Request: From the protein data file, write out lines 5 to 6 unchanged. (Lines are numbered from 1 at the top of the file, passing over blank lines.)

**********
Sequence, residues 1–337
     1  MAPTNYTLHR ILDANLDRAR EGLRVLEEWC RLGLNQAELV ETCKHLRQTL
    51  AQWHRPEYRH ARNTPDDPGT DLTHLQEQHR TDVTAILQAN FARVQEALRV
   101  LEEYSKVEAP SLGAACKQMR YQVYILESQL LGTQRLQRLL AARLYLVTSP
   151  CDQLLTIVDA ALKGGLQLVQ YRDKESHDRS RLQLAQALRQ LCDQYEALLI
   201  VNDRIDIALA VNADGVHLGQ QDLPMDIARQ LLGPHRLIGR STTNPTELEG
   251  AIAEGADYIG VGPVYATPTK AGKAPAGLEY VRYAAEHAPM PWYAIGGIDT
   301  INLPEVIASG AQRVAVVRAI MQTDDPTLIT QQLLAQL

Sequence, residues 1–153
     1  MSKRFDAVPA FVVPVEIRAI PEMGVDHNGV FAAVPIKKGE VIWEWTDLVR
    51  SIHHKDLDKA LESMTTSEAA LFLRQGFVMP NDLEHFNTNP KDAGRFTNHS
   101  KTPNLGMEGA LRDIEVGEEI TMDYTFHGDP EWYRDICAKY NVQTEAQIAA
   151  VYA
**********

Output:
   151  CDQLLTIVDA ALKGGLQLVQ YRDKESHDRS RLQLAQALRQ LCDQYEALLI
   201  VNDRIDIALA VNADGVHLGQ QDLPMDIARQ LLGPHRLIGR STTNPTELEG